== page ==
Not surprisingly, I’m being asked the above question a lot in the run-up to the new book’s release next month. To answer it, here is a short book trailer, created by Laura E. Kelly. It breaks down the four main sections of the book (decision-making, creativity, connecting with others, and leadership) and provides a small taste of what’s in each of those sections.
View the video on Youtube

By the way, for those who may have missed Laura’s excellent videos for my last book, including “What Kills Questioning?," here’s the link to my YouTube channel.

Bringing beautiful questions back to school

U of SC First Year Readers

September is back-to-school month, and I wanted to point you to a couple of recent posts that may be of interest.

First, a post from me about some ways to elicit more questions from kids in the classroom—along with a few thoughts about what to ask kids when they come home from school.
It's Back to School as Usual, But in Many Questioning Classrooms It’s Not School as Usual

Second, here’s a link to a post about an interesting experience I had this month at the University of South Carolina in Columbia. I was invited there because the university had chosen A More Beautiful Question as the “First-Year Experience” book, to be read and shared by all of the school’s 7,000 incoming freshmen.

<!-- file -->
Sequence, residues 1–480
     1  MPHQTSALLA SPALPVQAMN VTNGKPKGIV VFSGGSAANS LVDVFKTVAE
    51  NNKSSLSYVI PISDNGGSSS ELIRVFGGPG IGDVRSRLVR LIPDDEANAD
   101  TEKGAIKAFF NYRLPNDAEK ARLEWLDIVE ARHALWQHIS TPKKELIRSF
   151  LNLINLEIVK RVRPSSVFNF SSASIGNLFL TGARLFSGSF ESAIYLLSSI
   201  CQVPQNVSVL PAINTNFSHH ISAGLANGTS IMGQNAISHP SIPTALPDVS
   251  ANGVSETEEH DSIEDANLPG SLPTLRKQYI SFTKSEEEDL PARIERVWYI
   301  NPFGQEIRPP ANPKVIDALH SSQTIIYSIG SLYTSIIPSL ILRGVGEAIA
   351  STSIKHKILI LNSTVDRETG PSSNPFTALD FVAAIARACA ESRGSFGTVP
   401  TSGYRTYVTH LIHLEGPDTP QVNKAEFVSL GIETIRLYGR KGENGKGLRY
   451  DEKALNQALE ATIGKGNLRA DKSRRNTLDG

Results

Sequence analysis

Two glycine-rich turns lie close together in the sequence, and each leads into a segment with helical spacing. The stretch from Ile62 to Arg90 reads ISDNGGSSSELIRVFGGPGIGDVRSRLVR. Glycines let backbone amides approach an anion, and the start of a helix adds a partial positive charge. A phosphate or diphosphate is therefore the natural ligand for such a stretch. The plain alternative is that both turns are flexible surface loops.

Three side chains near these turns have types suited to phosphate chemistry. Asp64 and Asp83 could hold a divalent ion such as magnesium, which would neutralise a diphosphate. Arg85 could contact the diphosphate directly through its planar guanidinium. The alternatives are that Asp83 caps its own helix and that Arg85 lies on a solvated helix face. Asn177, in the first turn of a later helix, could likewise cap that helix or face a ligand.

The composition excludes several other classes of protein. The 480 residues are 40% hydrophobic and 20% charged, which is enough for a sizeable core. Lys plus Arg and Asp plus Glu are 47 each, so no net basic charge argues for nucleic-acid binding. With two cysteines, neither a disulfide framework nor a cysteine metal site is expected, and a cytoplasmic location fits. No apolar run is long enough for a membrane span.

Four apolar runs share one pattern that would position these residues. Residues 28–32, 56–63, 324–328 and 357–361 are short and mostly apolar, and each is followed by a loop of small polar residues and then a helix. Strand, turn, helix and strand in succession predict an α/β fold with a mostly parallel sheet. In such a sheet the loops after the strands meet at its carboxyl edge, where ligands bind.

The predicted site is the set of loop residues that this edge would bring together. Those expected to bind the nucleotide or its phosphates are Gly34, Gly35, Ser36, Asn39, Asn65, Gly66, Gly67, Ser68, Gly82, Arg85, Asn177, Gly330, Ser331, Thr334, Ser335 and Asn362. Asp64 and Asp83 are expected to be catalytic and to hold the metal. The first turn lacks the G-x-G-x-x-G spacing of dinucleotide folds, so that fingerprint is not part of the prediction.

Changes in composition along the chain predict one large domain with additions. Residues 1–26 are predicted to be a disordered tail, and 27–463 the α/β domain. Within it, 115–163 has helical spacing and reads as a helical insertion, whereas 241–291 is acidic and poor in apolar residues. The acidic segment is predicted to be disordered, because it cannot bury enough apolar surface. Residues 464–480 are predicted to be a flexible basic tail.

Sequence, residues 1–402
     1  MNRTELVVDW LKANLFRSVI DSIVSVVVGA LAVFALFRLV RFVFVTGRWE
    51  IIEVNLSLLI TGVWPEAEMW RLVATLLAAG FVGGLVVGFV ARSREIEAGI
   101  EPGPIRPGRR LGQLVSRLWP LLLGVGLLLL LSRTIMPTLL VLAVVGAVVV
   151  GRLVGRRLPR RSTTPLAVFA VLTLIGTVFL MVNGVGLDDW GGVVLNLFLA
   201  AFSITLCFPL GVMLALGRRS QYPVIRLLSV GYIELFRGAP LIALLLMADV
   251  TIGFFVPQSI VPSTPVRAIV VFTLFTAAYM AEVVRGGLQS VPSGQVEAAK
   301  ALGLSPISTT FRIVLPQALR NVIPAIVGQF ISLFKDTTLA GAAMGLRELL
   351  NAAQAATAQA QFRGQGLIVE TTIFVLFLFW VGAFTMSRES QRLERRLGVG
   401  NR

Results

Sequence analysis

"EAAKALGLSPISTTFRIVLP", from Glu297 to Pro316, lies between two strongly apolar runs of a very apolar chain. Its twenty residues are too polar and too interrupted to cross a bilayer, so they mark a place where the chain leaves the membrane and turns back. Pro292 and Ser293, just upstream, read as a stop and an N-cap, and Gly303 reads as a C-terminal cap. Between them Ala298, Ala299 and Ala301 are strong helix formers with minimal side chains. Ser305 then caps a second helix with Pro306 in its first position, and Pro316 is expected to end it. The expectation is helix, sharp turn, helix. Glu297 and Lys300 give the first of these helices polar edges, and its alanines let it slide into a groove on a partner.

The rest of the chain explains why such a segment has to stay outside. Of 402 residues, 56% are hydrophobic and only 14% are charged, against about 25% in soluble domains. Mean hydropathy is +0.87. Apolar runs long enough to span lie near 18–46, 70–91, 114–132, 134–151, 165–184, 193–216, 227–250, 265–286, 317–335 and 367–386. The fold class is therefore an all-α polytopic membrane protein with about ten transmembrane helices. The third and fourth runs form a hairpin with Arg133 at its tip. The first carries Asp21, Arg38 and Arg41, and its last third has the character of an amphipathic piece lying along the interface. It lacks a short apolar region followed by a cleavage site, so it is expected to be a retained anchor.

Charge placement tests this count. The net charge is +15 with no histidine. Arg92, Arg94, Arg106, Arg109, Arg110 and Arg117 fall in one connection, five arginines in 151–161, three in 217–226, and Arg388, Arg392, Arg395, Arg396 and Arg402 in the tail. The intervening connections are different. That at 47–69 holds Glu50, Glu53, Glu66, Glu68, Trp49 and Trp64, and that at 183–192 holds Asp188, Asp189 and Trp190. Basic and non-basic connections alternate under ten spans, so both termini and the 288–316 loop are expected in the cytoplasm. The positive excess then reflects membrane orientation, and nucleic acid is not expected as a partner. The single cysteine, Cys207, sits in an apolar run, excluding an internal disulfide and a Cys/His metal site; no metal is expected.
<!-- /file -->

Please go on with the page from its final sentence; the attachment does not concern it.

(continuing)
Bringing Beautiful Questions to South Carolina

As I explain in the post, going to the university was a fabulous experience—I was peppered with questions by students, and witnessed all the ways the book was being used in class discussions and campus activities. One particularly interesting activity: Students were challenged to design posters for the book.

When I visited, about 20 of the posters were displayed on the walls of the university library. I’ll close this newsletter by sharing three particularly brilliant student designs, including one (far right) that ended being used as a custom cover for student edition of book. It was fun seeing everyone carrying around that version of the book.
Thank you, as always, for your interest in beautiful questions, and I hope to continue the conversation with you on Twitter, Facebook, and the website.
Copyright © 2018 A More Beautiful Question, All rights reserved.